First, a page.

Interest rates are at their highest levels in 15 years. Many people have never earned disposable income in an economy like this. So it’s important to know what to do with the money you’re making. Just as the low interest environment of the 2010’s lasted longer than anyone predicted, the opposite may happen now; we could have high interest rates for a very long time. The old rules of low interest rates encouraged risk-taking and spending. The new rules of high interest rates encourage prudence and cash flow management. Let’s talk about some of the new rules for this new regime we find ourselves in.
First, pay yourself
If you’re still earning 0% in a savings account from one of the major banks then you’re scamming yourself. FDIC insured banks like Discover, American Express, and Capital One, are all paying interest of 4% or more on savings accounts. By comparison, JP Morgan, the largest bank by deposits, is paying 0.01% on savings!
Look at the monthly earnings of $100,000 saved in an account earning 4% interest vs 0.01% interest:
On a yearly basis, this equates to a difference of $4,000 in interest earned vs $12!
You are effectively paying a $3,988 yearly subscription fee by leaving your money in a super low interest bearing account. That amount could cover a monthly mortgage payment, go towards yearly property taxes, or pay for an awesome vacation. Stop paying the bank and start paying yourself.
Here are links to high yield savings accounts that are FDIC insured and paying more than 4%:
Understand your cost of debt
If you have a mortgage rate under 3% you should not be putting a single dollar towards extra mortgage payments. Why not? Because you could instead earn more than 5% on that extra dollar with zero risk. One month to two year Treasuries are paying between 5-5.55% in interest. Best of all, these Treasuries are exempt from state taxes. So even if you’re in the 37% federal tax bracket, you’re after-tax return on a treasury at these rates is above 3%. If you’re in the 12-22% tax bracket (most common) your after tax return on these Treasuries is nearly 4% or higher.
Extra money paid on a mortgage is extra money you could have earned interest on. Granted, there are some emotional reasons someone may want to pay off their mortgage. However, in the current interest rate environment, for someone with a low mortgage rate, the math is agains their emotional argument.
Remember this simple rule: don’t be in a hurry to pay down debt if the interest rate you can earn is higher than the interest rate you will pay.
Think of utility over performance
There is tremendous utility available now that long-term interest rates have risen above 4%. Consider an example of a wealthy household who wants a low risk, tax-advantaged way, to save for their child’s education. This couple can “superfund” a 529 plan with $170,000 in 2023 without any gift tax implications.
They could then take that $170,000 and buy a 10-year treasury bond, currently yielding 4.25%. Assuming they reinvested the interest each year, they would have around $260,000 in the account at the end of 10 years. Best of all, the $90,000 in earnings would have been tax-sheltered.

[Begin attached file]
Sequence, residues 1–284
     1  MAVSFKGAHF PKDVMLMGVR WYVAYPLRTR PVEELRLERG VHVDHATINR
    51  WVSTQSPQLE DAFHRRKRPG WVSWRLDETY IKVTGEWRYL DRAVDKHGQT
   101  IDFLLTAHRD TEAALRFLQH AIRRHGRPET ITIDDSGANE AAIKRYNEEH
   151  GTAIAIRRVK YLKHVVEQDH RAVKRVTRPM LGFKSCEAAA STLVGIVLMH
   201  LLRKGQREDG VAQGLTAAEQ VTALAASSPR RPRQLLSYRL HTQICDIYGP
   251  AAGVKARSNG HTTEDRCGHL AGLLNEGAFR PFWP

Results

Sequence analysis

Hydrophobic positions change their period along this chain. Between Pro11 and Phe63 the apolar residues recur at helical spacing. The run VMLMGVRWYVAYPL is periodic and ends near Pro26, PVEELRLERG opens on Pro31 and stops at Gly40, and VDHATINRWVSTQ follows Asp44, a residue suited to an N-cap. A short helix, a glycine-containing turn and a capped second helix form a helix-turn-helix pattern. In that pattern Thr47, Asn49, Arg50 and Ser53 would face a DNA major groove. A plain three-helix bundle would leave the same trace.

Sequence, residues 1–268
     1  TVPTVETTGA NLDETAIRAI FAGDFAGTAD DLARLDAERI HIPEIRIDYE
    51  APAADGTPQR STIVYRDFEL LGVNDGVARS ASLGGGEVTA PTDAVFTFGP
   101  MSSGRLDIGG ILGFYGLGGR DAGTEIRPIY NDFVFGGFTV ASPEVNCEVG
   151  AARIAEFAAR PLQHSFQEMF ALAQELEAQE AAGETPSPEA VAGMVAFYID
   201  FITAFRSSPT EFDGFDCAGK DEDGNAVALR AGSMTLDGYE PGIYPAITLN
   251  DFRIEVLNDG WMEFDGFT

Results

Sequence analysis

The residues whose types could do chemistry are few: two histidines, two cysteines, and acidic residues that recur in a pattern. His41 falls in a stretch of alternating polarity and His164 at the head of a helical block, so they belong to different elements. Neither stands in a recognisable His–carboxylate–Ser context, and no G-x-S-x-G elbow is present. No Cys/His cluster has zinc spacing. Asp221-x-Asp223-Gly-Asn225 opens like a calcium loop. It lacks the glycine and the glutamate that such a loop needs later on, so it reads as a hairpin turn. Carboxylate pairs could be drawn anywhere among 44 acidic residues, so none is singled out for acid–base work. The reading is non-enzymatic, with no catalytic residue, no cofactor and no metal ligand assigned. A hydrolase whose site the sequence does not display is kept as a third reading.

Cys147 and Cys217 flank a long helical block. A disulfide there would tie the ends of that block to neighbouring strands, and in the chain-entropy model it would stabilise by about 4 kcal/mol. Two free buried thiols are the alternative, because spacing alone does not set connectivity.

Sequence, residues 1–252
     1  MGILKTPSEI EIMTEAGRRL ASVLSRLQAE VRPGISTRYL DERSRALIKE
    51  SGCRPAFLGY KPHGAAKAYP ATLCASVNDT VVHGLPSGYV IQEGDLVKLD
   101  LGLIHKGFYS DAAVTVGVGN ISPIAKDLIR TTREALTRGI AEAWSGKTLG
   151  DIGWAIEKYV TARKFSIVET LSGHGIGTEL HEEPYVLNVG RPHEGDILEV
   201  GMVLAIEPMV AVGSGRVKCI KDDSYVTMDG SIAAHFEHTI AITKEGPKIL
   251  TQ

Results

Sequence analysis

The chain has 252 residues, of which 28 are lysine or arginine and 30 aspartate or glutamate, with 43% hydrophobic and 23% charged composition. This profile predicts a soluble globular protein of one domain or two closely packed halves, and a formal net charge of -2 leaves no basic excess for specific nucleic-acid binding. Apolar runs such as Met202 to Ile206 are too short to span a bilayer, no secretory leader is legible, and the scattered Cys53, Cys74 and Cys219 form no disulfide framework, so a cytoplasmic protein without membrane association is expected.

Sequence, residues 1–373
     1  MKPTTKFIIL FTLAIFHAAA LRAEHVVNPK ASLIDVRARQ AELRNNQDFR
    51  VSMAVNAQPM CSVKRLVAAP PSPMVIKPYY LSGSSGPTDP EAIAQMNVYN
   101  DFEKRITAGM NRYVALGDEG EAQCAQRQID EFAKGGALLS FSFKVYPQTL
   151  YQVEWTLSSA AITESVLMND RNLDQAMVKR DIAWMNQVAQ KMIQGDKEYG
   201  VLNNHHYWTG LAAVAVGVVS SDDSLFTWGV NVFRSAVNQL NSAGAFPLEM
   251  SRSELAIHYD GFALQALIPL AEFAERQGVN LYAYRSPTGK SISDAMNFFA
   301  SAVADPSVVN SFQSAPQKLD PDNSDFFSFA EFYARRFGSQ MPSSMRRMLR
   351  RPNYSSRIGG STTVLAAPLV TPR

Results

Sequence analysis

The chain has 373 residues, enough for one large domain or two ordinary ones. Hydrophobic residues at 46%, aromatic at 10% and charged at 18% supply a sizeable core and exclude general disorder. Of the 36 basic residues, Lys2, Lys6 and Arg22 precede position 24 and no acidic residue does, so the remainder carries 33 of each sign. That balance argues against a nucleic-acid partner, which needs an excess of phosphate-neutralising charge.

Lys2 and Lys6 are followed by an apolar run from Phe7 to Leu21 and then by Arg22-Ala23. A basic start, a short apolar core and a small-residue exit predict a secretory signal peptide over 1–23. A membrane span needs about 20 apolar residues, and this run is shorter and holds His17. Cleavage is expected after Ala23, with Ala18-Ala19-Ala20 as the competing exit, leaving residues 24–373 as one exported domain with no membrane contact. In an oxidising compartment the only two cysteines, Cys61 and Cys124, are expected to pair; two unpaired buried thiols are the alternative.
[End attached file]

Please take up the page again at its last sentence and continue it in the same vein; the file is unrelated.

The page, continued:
Of course, this couple could choose different investments, like stocks, that would have the chance to do better than the 4.25% they earned on their bond. But there’s no guarantee such a choice would produce better results. The new regime of high interest rates means there is competition for your money. When rates were zero, you had to take greater risk to try and get your returns. Now, you don’t have to take much risk at all to be able to target certain returns.
This has great financial planning ramifications and increases the utility value of your money.
Watch that credit card spending
We’ve highlighted some ways you can benefit from higher rates, but you also have to be aware of the downside too. The average interest rate charged by credit card companies has climbed to 22% today from 16% two years ago. That means you’re paying $6 more in interest per $100 in debt on you credit card than you were in 2021.
For people with various debt amounts, such as student loans, car loan, and/or credit card, your credit card interest rate is likely the highest of the bunch. So, if you can only afford to pay down one debt load at a time, you may want to choose the one with the highest interest rate.
In addition, high interest rates on credit cards make it more important to only spend within your means. Gone are the days of the 0%, 15-month introductory APR and 0% balance transfers. Credit card companies have cut back on those offerings after doing huge promotions the last few years.
The new interest rate environment means new rules for investors and consumers alike. You should be earning a minimum of 4% interest on your savings. You also shouldn’t be in a hurry to pay down low-interest debt. Higher long-term interest rates means competition for your money, and lower-risk investments should be utilized effectively. Lastly, higher interest rates mean you need to be more careful with your spending and big purchase decisions. These are some of the new rules for the new economy.
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